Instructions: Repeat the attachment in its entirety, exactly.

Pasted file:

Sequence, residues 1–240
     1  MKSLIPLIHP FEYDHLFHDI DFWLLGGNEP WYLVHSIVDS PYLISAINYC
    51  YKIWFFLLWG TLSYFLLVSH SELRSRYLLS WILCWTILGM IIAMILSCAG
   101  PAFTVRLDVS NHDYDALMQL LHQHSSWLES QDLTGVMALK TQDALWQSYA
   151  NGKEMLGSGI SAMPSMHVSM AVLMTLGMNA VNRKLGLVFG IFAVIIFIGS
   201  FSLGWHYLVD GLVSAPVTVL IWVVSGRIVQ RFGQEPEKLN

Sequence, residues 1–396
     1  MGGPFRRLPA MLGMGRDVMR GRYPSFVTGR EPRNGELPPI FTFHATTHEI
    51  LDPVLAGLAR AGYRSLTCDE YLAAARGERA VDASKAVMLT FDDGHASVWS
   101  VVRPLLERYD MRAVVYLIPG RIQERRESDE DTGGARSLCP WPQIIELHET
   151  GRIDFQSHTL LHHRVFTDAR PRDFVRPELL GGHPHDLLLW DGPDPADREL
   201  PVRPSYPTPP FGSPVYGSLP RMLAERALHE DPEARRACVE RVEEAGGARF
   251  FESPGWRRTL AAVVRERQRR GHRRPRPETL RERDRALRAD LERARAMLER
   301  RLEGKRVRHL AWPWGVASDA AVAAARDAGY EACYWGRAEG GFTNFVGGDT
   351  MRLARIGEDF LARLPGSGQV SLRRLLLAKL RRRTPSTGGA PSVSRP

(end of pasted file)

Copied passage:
Sequence, residues 1–240
     1  MKSLIPLIHP FEYDHLFHDI DFWLLGGNEP WYLVHSIVDS PYLISAINYC
    51  YKIWFFLLWG TLSYFLLVSH SELRSRYLLS WILCWTILGM IIAMILSCAG
   101  PAFTVRLDVS NHDYDALMQL LHQHSSWLES QDLTGVMALK TQDALWQSYA
   151  NGKEMLGSGI SAMPSMHVSM AVLMTLGMNA VNRKLGLVFG IFAVIIFIGS
   201  FSLGWHYLVD GLVSAPVTVL IWVVSGRIVQ RFGQEPEKLN

Sequence, residues 1–396
     1  MGGPFRRLPA MLGMGRDVMR GRYPSFVTGR EPRNGELPPI FTFHATTHEI
    51  LDPVLAGLAR AGYRSLTCDE YLAAARGERA VDASKAVMLT FDDGHASVWS
   101  VVRPLLERYD MRAVVYLIPG RIQERRESDE DTGGARSLCP WPQIIELHET
   151  GRIDFQSHTL LHHRVFTDAR PRDFVRPELL GGHPHDLLLW DGPDPADREL
   201  PVRPSYPTPP FGSPVYGSLP RMLAERALHE DPEARRACVE RVEEAGGARF
   251  FESPGWRRTL AAVVRERQRR GHRRPRPETL RERDRALRAD LERARAMLER
   301  RLEGKRVRHL AWPWGVASDA AVAAARDAGY EACYWGRAEG GFTNFVGGDT
   351  MRLARIGEDF LARLPGSGQV SLRRLLLAKL RRRTPSTGGA PSVSRP